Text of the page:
, McKnight Distinguished Professor, Computer Science and Engineering
This project is investigating a smart, urban infrastructure systems framework for advancing access and wellbeing in cities. With transformative new infrastructures (e.g., smart electricity grid and urban farms) on the horizon, this research will provide new perspectives on how the future spatial deployment of these new infrastructures in cities will shape wellbeing, health, and the environmental sustainability of outcomes in the different areas of cities. The project is advancing basic research in multiple disciplines including environmental and civil engineering, computer science, urban planning, and public policy. It is creating a unique public database, establishing citizen science protocols, and advancing the science of smart, sustainable urban systems through knowledge co-production with cities engaged in infrastructure planning. The project is engaging in educational activities through interdisciplinary training for graduate students and professionals in urban planning, policy, and sustainability. Furthermore, a strong component of citizen science engagement is being involved through K-12 teachers and students, particularly in schools with underrepresented populations.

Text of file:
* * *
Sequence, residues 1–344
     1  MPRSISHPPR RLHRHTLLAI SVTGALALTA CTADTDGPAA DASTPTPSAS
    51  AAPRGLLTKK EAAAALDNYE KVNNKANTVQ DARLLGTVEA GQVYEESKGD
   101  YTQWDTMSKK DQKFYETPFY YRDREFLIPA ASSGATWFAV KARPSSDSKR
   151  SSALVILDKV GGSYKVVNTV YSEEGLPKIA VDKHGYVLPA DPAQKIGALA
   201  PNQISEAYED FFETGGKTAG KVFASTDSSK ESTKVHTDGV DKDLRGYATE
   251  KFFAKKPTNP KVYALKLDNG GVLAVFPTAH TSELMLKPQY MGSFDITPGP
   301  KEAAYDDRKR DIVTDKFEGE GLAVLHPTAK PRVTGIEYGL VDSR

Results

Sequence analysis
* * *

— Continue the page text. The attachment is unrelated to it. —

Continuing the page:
Environmental sustainability, human health, and wellbeing outcomes in cities are significantly shaped by key physical infrastructure provisions of water, energy, food, shelter, transportation-communications, sanitation waste management, and public spaces, as well as their interactions with the social, environmental, and urban form parameters. The investigators are conducting an interdisciplinary, community-engaged research project in the cities of Minneapolis, St. Paul, and Tallahassee. The research is engaging four themes: a) Developing the first comprehensive, fine-scale, intra-urban database of over 100 social-ecological health and wellbeing parameters via novel citizen science/crowdsourcing campaigns using low cost sensors; b) Developing advanced computational algorithms to uncover hotspots and spatial correlations in the data and evaluate data-driven/discipline-inspired access and wellbeing hypotheses; c) Using outcomes from a) and b) to develop connected, multi-infrastructure futures scenario models with new infrastructures through shared scenario visioning exercises, as well as evaluating policy learning and value of information; d) Focusing on education and workforce development for middle-high schoolers, graduate students, and sustainability professionals. Outcomes from this research will be useful for informing citizens and policymakers about smart infrastructure transitions being planned in cities.